Here are message from Alan Gilchrist trying to convince me that there is evidence for newborn babies perceiving shape and size correctly on the first day. The message include my message to which he respondes.

Like all infant studies, these studies are based on looking time, and therefore cannot actually tell us much about processes inside the baby's brain, independently on the age of babies on which the experiments were done. Nevertheless, it is interesting to see how he tries to twist the evidence in respect of the age of the babis.


  • He says that the mean age was three days and the youngest were 7 and 9 hours old, trying to imply the 7 and 9 hours babies gave positive results (lying by implication). But the resuls of the studies could be entirely from the older babies (4 and 5 days old). He doesn't claim explicitly that the youngest babies showed positive results, presumably because that is false and he wants to avoid an explicit lie.
  • He says here that "first day" "may be a slight exaggeration", but in the review on which my question was about (See here) he not only talks about first day, but explicitly bases his argument on the "newborn learn something so sophisticated in a matter of hours". So in the review he felt that it is important to emphasize that it is "matter of hours", presumably because he thought that using three days, as the mean age really was, is not convincing.
  • I didn't actually read the articles, because they are quite old. I looked (a little) for newer research which reproduce or refer to these studies and didn't find any. If you do, let me know.

    First message

    From: "Alan" 
    To: "Yehouda Harpaz" 
    Sent: Sunday, June 08, 2003 4:05 PM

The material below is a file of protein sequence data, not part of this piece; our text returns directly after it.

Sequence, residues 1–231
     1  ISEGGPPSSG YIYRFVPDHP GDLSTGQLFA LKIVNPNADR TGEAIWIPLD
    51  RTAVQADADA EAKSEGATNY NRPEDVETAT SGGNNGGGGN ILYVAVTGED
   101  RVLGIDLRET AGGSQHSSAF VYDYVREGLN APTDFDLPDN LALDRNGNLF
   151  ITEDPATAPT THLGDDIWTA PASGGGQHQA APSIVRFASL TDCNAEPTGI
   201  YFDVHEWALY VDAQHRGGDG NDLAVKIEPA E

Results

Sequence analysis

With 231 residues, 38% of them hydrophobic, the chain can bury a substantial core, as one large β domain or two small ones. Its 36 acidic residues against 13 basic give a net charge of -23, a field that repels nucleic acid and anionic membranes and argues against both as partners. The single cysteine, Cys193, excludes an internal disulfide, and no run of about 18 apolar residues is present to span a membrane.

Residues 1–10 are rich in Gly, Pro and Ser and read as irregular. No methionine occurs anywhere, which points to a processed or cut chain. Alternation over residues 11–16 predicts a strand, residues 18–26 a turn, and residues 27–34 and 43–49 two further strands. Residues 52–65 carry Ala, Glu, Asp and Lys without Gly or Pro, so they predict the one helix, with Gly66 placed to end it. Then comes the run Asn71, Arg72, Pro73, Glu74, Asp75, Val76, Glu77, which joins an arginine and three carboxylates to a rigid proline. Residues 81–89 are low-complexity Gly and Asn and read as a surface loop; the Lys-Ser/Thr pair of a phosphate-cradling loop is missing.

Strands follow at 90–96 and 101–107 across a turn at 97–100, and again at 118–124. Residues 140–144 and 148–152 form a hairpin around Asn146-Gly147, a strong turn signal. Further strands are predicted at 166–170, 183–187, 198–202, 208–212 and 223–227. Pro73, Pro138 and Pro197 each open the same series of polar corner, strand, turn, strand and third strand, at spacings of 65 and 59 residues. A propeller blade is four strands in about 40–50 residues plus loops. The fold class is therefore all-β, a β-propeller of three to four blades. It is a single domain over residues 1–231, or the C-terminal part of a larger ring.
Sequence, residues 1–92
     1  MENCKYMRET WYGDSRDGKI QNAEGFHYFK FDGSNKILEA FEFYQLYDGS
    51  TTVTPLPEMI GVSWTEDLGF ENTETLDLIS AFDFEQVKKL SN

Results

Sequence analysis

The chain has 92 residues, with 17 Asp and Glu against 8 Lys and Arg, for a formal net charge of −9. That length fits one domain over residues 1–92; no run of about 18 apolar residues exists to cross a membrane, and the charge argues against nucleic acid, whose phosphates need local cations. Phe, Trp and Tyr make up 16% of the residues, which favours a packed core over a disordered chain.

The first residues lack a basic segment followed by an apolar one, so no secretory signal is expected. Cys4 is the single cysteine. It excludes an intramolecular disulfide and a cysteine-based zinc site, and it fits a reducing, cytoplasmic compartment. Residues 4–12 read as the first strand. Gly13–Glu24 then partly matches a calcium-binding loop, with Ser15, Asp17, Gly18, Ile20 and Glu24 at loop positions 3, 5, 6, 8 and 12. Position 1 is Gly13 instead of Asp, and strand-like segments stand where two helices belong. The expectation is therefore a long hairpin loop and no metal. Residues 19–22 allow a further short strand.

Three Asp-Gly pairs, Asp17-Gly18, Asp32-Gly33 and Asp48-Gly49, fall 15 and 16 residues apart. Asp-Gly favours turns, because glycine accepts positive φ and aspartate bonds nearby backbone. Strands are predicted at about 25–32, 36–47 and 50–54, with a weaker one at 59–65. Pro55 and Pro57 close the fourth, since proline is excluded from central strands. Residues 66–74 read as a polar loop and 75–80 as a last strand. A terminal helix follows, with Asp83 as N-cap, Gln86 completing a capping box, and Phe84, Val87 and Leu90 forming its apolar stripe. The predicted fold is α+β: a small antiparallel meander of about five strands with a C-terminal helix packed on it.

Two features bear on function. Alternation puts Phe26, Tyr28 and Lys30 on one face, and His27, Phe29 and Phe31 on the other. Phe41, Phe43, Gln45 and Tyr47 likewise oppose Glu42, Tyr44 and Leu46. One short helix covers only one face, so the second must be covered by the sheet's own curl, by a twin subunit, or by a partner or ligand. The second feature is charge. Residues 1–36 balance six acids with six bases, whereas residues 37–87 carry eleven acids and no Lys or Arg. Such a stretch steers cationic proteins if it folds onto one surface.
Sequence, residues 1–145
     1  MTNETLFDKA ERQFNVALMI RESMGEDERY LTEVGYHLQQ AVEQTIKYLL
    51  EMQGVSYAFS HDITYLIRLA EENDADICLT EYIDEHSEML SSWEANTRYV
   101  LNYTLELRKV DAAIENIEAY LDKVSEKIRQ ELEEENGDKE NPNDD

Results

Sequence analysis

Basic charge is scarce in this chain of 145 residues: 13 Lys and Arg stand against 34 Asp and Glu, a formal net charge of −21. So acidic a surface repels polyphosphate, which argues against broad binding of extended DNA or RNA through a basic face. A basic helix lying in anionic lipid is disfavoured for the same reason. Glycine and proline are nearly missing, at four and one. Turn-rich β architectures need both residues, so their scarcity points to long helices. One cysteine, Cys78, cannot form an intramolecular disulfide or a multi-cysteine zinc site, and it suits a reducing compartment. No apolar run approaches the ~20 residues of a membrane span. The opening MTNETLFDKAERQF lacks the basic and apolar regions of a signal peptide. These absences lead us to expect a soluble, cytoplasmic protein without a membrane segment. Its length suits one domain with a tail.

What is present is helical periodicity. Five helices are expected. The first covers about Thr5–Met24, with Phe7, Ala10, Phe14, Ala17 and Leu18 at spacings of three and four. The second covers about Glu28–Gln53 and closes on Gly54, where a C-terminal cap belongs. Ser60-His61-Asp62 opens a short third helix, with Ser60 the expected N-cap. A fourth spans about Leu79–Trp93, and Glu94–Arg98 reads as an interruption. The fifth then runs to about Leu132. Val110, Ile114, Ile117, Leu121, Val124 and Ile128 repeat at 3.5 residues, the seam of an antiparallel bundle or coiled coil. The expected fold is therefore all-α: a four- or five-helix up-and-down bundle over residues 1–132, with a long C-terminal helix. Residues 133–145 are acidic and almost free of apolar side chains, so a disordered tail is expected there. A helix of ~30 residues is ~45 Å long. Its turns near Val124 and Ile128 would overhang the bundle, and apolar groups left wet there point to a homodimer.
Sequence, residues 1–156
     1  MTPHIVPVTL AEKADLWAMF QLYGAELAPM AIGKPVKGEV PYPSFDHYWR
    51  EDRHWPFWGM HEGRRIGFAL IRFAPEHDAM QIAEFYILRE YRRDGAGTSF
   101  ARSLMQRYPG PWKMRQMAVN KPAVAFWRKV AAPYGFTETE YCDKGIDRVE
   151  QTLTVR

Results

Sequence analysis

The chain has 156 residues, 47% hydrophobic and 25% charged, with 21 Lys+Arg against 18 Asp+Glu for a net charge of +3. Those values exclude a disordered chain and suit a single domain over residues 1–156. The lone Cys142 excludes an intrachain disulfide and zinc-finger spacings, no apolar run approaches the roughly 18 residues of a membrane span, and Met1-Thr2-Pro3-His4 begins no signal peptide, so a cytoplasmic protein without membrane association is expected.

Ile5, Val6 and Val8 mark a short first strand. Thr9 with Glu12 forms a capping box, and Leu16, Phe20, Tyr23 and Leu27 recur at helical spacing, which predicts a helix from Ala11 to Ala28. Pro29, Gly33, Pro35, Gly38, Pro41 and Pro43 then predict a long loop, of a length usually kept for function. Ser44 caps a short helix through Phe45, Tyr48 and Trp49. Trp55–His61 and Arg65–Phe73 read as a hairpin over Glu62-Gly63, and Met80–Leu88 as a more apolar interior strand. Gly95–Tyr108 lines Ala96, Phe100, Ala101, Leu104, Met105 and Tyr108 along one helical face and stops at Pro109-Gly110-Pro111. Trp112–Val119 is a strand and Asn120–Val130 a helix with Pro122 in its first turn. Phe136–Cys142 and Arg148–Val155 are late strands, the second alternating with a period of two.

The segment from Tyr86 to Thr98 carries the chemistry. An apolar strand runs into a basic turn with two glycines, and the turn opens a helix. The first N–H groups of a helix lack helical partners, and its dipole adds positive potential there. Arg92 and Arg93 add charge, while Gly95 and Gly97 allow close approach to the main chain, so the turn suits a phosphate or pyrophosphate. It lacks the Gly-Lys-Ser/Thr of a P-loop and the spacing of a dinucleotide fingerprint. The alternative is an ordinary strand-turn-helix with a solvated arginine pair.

Subject: Re: What babies recognize in the first day
    On 6/8/03 8:13 AM, "Yehouda Harpaz"  wrote:
    > Dear Alan Gilchrist,
    > In your review of "Why We See What We Do: An Empirical Theory of Vision",
    > (nature June 2003 Volume 6 Number 6 p 550), you wrote:
    >    "Infant habituation studies show that size and shape are
    >      perceived correctly on the first day of life."
    > Can you give me some references for that?
    Talking about "the first day of life" may be a slight exaggeration, but not
    Slater, A., A. Mattock, et al. (1990). "Size Constancy at Birth: Newborn
    Infants' Responses to Retinal and Real Sizes." Journal of  Experimental
    Child Psychology 49: 314-322.
    Slater, A. and V. Morison (1985). "Shape constancy and slant
    perception at birth." Perception 14: 337-344.
    Alan Gilchrist, Professor
    Psychology Dept.
    Rutgers University
    Newark, NJ 07102
    (973) 353-5440 Ext.227
    Fax: (973)353-1171
    Second message
    From: "Alan" 
    To: "yehouda harpaz" 
    Sent: Tuesday, June 10, 2003 5:19 AM
    Subject: Re: What babies recognize in the first day
    On 6/9/03 3:35 PM, "yehouda harpaz"  wrote:
    >> Talking about "the first day of life" may be a slight exaggeration,
    >> but not  much:
    > If it is an exaggeration, even slight, then why write it?
    Because I think its a fair summary of the situation.  The mean age was less
    than three days, but the youngest babies in the study were 7 and 9 hours